Cities / Regions in Canada with Biggest Real Estate Value Gains

Published October 18, 2021 by Real Estate Leads

All sorts of talk about migrations these days, and it’s not just humans that have been migrating apparently. Many are now choosing to say that the housing unaffordability issue in Canada has done some migrating of its own. What is meant by that is housing unaffordability has moved out of the big major metro areas that have long been seen as ‘desirable’ and into smaller town Canada where homes were still reasonably priced until recently. This is a trend that’s been even more in focus for the last nearly 2 years, and it’s something to look at if you work in the Real Estate business.

For starters, this is a positive development for people in these less-populated areas of the country who are hoping to sell their home. Even more so for older homeowners who have been planning to have that fund their retirement and now have the possibility of an even better one with the fact they’re home is likely to sell for more. This is beneficial for the realtor working with them too, but one thing that has always been true is that it can be tough to make a living in real estate in smaller communities, and especially if there’s already many realtors working there.

Our online real estate lead generator here at Real Estate Leads is a great way of leveling that playing field for realtors who need it. It puts you immediately in touch with folks who have shown their willingness to either buy or sell a home in that area, and you get the advantage of being the only realtor who receives the leads.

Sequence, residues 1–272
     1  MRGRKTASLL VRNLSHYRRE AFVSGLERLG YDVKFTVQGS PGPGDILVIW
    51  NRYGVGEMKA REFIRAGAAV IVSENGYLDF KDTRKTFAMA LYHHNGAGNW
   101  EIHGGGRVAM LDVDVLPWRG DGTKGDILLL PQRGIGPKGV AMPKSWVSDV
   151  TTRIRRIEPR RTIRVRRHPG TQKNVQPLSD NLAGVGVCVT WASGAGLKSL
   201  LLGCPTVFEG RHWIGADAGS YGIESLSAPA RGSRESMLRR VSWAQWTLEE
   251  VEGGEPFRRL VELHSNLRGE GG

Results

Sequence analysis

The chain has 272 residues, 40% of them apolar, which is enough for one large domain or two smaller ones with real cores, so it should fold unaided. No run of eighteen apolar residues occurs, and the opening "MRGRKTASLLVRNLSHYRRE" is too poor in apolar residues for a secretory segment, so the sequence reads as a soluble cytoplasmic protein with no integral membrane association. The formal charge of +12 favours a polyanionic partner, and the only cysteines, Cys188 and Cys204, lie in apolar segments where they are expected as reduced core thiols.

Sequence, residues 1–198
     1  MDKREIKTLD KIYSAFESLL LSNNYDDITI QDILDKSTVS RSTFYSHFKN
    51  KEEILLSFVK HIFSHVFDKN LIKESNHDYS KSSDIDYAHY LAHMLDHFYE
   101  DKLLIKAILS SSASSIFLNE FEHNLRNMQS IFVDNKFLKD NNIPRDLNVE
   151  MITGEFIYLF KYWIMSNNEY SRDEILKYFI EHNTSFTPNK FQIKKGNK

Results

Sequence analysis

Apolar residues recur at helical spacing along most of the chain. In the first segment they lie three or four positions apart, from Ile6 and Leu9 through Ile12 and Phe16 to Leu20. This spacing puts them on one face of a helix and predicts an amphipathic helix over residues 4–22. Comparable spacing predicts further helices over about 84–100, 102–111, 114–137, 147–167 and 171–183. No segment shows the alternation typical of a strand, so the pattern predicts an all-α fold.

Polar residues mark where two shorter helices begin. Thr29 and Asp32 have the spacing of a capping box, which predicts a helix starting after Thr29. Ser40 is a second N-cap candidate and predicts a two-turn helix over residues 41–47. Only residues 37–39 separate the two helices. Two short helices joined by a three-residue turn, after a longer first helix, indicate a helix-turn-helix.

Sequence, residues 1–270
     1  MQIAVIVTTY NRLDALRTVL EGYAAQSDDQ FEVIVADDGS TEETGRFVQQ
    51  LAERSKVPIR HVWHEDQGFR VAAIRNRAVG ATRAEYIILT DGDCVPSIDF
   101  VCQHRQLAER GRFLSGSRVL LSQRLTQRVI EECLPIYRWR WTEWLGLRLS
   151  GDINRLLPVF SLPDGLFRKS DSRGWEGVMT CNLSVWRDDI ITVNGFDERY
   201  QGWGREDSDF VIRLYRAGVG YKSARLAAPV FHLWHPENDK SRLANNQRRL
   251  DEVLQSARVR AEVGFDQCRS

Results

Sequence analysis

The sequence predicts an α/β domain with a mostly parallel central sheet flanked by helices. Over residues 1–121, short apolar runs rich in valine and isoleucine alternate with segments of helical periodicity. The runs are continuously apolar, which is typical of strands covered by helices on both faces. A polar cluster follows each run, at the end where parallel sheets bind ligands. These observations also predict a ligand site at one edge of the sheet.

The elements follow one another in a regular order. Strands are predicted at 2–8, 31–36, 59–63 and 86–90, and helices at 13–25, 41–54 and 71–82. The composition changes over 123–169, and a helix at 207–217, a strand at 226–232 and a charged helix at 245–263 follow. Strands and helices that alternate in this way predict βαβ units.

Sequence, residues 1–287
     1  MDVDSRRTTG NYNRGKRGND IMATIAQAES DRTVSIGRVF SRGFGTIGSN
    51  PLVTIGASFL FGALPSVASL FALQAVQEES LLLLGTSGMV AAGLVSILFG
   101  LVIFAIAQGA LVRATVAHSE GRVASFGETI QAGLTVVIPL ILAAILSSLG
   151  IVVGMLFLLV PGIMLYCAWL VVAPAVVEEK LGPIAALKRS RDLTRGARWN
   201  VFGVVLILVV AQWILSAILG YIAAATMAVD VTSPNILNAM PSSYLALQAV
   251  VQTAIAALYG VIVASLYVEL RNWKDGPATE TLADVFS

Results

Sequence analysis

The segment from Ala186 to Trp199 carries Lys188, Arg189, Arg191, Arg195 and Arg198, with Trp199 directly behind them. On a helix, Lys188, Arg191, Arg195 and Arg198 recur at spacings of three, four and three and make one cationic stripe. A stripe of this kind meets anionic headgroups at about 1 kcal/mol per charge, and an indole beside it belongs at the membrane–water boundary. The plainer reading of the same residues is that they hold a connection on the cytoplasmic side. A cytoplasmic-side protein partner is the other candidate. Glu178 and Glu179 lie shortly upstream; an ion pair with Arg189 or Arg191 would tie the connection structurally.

A rise in median home prices in a region can’t be necessarily connected to housing unaffordability, as that is always going to be a relative term. But if it’s to be seen as a plus then where are the locations in Canada where we’ve seen biggest real estate value gains?

That’s what we will look at here this week.

Picking up Steam

The CREA recently released data showing that indicates sales are down 17.5% from the scorching pace we saw over September last year, but then being up 0.9% month over month to counter that some. September 2020 had the market setting a record for the month, but September 21 wasn’t bad either and came in as the second-highest September on record for sales. It also saw the first month-over-month increase since March.

Further, the national benchmark price increased 1.7% month-over-month and 21.5% year-over-year. Halifax is often referred to as the Victoria of the East Coast, and real estate there is up 27.5% this year. Montreal has always been a popular location but to have it up 15.5% over the same time is something that is unusual too.

But the really big gains are being seen in much smaller centers where house price gains have only ever occurred very modestly if at all.

Here’s the list of them

  1. Kawartha Lakes (Ontario) – up 33.1%